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Friday, 17 November, 2000, 06:43 GMT
University wins national award
Queens
Queen's University's Palaeoecology Centre picked up top award
A Northern Ireland research centre is the winner of an national award which honours outstanding achievement.

Queen's University's Palaeoecology Centre in Belfast was one of the winners of the Queen's Anniversary Prizes for Higher and Further Education on Thursday.

The awards, part of the national honours system, recognise and honour the outstanding achievements by universities and colleges in the United Kingdom.

The award citation described the centre as "a unique resource and recognised world leader".

Its prize will be presented at a ceremony in Buckingham Palace in London in February.

The Palaeoecology Centre is one of the few multidisciplinary units that can provide a precise chronological framework in which past environmental and human change can be studied.

It undertakes research into past environments in which humans and their societies evolved and also plays a role in assessing present and future environmental changes.

Its director, Professor Gerry McCormac, said: "Basically palaeoecology is the study of environmental history.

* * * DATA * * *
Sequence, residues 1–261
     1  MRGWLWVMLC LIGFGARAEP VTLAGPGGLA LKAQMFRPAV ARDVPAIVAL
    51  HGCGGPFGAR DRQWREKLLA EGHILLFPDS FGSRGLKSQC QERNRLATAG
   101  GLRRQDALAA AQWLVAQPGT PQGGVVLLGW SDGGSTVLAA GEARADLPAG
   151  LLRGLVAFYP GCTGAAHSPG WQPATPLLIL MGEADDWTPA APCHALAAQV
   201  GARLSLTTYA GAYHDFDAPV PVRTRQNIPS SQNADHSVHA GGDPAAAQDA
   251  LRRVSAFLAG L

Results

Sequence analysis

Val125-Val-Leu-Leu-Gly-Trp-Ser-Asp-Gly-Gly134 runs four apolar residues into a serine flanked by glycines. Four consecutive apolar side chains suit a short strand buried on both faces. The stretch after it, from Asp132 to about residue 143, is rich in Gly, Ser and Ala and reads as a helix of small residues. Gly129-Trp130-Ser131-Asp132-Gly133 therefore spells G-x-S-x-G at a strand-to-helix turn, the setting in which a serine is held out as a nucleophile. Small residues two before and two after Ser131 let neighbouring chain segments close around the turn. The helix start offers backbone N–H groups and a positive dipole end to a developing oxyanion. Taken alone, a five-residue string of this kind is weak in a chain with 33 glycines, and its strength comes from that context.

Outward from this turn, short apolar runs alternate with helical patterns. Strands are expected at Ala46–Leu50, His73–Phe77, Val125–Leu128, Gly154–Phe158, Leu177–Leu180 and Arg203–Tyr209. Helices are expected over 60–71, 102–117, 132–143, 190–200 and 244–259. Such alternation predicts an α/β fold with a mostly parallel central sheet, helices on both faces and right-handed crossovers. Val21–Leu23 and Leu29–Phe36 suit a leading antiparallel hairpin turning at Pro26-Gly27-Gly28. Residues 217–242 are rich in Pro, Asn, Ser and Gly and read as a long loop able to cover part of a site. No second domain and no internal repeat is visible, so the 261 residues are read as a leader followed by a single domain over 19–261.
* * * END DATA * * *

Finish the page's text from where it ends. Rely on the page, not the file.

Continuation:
"We use nature's markers to measure time and have found that nature is often a more accurate historian than man.

"Our research has shed new light on events which have shaped human history and has contributed to international understanding of future environmental changes."

News of the award was welcomed by Queen's vice-chancellor Professor George Bain.

He said: "We are delighted to learn of the award of a Queen's Anniversary Prize to the Palaeoecology Centre which has proved itself as a model of excellence on the world stage.

"The fact that it has served as an exemplar for other countries wishing to set up similiar ventures is a tremendous accolade for both Queen's and Northern Ireland."

It is Queen's University third award of the Queen's Anniversary Prizes for Higher and Further Education.

The University's Servicing the Legal System programme was awarded a prize in 1994 and its environmental research initiative, the QUESTOR Centre, featured among the winners in 1996.

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